HIV (AIDS): What is it, Symptoms, Diagnosis and Treatment
HIV is a virus that affects the human immune system. When this virus enters the body, it weakens the immune system, making the person more susceptible to diseases and creating a life-threatening situation. Although there is no treatment option that removes the virus from the body, a person can continue his life in a healthy way for a long time with various methods.
What is HIV (AIDS)?
This virus can pass from body to body as a result of sexual intercourse or blood contact with people who have HIV. HIV consists of the initials of the words Human Immunodeficiency Virus in English and means human immunodeficiency virus in Turkish. HIV causes a decrease in infection-fighting white blood cells in the human body. Decreased white blood cells make the person’s immunity inadequate. The final stage of HIV infection is called AIDS. This stage occurs when HIV diagnosis is late or after long periods of time when immune-boosting drugs are not used. AIDS is also known as acquired immunodeficiency syndrome and causes the development of various serious diseases due to low immunity.
What are the symptoms of HIV (AIDS)?
HIV first manifests itself with flu-like symptoms. These symptoms often occur within two to four weeks. If the infection is not treated during this period, it turns into chronic HIV infection. Most often, there are no symptoms at this stage. But because the immune system is severely damaged, the body cannot fight other infections. HIV symptoms include:
- night sweats
- muscle pain
- sore in mouth
- Sore throat
- lymph swelling
Due to damaged immunity, HIV infection continues as AIDS in later stages. Symptoms of AIDS are:
- rapid weight loss
- High fever
- Increased sweating at night
- being more tired than usual
- Swellings in lymph nodes
- Diarrhea that lasts longer than a week
- Spontaneous wound formation in the mouth or genitals
- Purplish spots on the skin, inside the mouth, nose, or eyelids
- Neurological disorders such as memory loss
- Psychological problems such as depression
What Causes HIV (AIDS)?
HIV is spread through contact with blood or sexual fluids, usually during sexual intercourse. Apart from this, if the mother has HIV, it is expected to be transmitted to the baby during pregnancy or breastfeeding. But people; They cannot become infected through ordinary day-to-day contact such as kissing, hugging, shaking hands, or sharing personal objects, food, or water. Some of the conditions that increase the risk of HIV transmission include:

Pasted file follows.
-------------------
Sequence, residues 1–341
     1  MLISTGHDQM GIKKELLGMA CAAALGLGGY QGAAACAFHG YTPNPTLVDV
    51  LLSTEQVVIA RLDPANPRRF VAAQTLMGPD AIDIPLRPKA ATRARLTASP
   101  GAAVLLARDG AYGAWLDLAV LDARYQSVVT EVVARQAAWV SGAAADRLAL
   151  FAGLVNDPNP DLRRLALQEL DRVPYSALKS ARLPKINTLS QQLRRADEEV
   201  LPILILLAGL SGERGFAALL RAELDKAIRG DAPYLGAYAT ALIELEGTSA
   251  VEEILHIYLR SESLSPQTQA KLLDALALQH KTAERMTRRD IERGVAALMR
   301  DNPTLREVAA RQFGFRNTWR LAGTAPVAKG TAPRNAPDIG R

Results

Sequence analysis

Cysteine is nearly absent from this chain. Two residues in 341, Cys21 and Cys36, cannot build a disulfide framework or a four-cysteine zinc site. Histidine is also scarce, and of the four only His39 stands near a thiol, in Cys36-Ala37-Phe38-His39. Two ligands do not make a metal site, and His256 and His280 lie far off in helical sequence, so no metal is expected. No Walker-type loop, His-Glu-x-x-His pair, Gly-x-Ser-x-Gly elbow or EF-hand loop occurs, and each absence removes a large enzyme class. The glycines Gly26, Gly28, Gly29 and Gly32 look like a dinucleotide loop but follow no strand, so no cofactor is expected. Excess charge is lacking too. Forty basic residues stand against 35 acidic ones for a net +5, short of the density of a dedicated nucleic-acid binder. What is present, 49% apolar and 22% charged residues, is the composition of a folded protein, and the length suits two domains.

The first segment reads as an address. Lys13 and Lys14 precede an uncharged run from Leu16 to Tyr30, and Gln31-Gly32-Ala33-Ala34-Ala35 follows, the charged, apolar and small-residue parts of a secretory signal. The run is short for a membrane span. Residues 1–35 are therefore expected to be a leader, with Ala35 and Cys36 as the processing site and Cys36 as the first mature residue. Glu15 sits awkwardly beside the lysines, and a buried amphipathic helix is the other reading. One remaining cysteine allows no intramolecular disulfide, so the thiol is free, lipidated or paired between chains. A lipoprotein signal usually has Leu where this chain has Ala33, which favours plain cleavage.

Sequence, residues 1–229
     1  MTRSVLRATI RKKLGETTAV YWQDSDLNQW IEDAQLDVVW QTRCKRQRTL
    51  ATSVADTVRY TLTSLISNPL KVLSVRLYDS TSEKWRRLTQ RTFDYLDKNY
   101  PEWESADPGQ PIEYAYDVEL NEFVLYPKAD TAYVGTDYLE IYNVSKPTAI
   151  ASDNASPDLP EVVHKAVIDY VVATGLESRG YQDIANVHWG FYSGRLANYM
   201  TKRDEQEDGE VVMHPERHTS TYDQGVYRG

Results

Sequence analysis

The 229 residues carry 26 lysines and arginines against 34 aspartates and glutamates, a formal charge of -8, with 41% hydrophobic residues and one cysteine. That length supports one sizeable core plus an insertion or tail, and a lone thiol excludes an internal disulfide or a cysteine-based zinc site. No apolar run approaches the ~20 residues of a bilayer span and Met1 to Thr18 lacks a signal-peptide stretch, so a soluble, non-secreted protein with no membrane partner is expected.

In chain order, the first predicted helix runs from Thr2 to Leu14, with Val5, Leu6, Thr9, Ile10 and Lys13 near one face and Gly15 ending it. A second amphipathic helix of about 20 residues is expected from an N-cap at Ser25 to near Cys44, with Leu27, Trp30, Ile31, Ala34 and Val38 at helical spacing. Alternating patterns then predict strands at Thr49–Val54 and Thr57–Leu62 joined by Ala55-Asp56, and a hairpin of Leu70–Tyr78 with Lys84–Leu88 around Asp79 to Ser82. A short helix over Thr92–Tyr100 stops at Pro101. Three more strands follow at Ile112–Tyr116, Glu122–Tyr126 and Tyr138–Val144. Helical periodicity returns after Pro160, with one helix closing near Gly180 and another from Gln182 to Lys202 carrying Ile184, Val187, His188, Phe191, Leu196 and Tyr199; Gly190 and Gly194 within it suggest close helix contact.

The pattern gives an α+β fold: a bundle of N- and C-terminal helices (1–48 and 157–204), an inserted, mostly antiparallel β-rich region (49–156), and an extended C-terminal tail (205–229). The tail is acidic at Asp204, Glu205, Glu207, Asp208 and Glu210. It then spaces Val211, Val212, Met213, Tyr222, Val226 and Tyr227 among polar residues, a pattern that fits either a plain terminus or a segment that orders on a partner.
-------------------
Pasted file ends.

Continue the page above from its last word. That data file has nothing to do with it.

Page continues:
- unprotected sexual intercourse
- Presence of sexually transmitted infections (syphilis, herpes virus, chlamydia, etc.)
- Use of foreign substances
- Common syringe use
- blood contact
- Accidental contaminated syringe sticking
How to Prevent HIV (AIDS)?
The way to protect yourself from HIV is to not have sexual intercourse with infected people. However, there are precautions that can be taken to prevent HIV infection despite sexual intercourse. One of these is medications that can help prevent HIV. These medications, known as PEP and PrEP, are for use before or after HIV. PrEP stands for pre-exposure prophylaxis and is uninfected with HIV; but it is for the use of people at risk of contamination. PEP stands for HIV post-exposure prophylaxis. These pills are medicines used to prevent people exposed to HIV from becoming infected. PEP is for emergencies only and these medications should be started as soon as possible. If a person has HIV, then he or she may need to take a treatment called Antiretroviral therapy (ART) to reduce the risk of transmitting it to others.
How to Diagnose HIV (AIDS)?